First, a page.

You can do macro tricks. Without macros you can do something like this:
Code:
.segment "BSS"
scratch: .res 16

.segment "CODE"
.proc foo
  .struct ; anonymous struct, so symbols are placed in parent scope
    xyzzy .byte
    bar .word
  .endstruct

  lda scratch+xyzzy
  sta scratch+bar+1
  rts
.endproc


With macros you could get something like this:
Code:
.segment "BSS"
scratch: .res 16

.segment "CODE"
.proc foo
  start_locals ; this would be a macro that starts a struct, it could have a name like "locals"
    xyzzy .byte
    bar .word
  end_locals ; another macro for closing the struct

  ; "local" could be a .define macro defined as something like:
  ;   .define local(p) scratch+locals::p
  lda local xyzzy
  sta local bar+1
  rts
.endproc

This way is not really technically much different from adding to the base variable, but it does show intent better, IMO. You can also do some safety checks in "end_locals" (e.g. does the size of the struct fit within the scratch area).

EDIT: Split up long line.

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PostPosted: Mon Nov 09, 2015 10:35 am 
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thefox wrote:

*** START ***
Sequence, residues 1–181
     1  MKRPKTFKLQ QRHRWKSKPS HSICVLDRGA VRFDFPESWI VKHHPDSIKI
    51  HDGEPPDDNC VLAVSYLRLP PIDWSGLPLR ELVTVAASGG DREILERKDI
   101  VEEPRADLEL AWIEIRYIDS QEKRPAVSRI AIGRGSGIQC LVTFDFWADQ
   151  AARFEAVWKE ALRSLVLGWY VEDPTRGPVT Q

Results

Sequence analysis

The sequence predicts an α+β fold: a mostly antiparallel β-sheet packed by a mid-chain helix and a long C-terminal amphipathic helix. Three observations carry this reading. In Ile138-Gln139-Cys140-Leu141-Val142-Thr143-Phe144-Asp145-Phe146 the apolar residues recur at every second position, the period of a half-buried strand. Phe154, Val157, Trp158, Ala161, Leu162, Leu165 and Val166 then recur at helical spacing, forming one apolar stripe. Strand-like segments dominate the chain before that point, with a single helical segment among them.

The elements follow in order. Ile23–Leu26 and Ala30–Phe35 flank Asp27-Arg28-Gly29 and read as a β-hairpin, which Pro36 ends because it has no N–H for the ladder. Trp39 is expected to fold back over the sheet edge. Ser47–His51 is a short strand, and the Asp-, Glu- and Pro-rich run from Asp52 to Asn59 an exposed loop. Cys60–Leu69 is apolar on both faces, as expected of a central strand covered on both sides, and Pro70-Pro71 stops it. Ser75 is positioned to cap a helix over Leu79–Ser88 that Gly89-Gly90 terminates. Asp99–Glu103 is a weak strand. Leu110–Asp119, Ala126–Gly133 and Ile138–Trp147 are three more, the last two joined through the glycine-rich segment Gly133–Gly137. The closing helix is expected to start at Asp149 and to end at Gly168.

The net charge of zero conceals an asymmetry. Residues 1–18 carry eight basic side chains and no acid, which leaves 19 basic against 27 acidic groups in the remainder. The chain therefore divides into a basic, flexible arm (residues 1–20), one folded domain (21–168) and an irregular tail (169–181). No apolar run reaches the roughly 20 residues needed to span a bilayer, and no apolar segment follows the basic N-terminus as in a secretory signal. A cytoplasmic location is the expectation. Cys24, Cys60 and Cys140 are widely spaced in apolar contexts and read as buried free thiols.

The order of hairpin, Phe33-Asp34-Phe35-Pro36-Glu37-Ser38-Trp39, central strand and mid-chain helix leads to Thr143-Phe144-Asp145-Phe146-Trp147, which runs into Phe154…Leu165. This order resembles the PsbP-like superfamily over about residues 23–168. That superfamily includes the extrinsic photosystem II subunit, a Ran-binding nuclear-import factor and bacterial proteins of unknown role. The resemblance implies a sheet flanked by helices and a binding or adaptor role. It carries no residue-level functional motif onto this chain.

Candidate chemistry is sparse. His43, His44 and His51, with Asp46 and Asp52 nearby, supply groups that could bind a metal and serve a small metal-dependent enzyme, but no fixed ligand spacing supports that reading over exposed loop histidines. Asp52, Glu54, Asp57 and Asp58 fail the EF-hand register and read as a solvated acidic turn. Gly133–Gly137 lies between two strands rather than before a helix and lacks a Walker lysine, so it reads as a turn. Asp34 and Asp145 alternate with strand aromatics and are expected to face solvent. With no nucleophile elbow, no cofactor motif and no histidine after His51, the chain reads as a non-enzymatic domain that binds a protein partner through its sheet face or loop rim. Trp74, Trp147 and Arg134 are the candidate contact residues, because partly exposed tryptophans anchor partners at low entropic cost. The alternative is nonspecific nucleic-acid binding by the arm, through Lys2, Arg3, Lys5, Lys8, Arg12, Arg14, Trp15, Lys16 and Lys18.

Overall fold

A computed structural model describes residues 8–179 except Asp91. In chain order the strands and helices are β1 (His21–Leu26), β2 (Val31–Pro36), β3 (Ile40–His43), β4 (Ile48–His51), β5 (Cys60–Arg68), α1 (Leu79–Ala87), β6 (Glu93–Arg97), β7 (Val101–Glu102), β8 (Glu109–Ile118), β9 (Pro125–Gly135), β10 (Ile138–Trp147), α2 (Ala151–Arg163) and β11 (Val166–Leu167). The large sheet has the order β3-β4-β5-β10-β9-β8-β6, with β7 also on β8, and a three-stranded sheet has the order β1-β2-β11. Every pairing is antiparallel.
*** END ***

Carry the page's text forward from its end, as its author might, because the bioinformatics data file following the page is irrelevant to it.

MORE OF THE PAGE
.define is the only reasonable choice here.

OK.

Quote:
Note that you can use .undefine if you need to avoid name clashes (e.g. if you do it in macros).

I actually started doing that, but it looked worse than with all the redundant expressions, so I left it how it was. I'll try not to obsess over this, as long as it's working.

Quote:
With macros you could get something like this:

That's a great idea!

[tokumaDRW]There's just one thing I have to try, which is starting the labels from somewhere else than scratch. This will be necessary in functions that are called from other functions, when I need the inner function's locals to be after the outer function's.[/tokumaDRW]

anyway, thanks for the great idea of combining macros and .define. I'll see what I can do with that idea.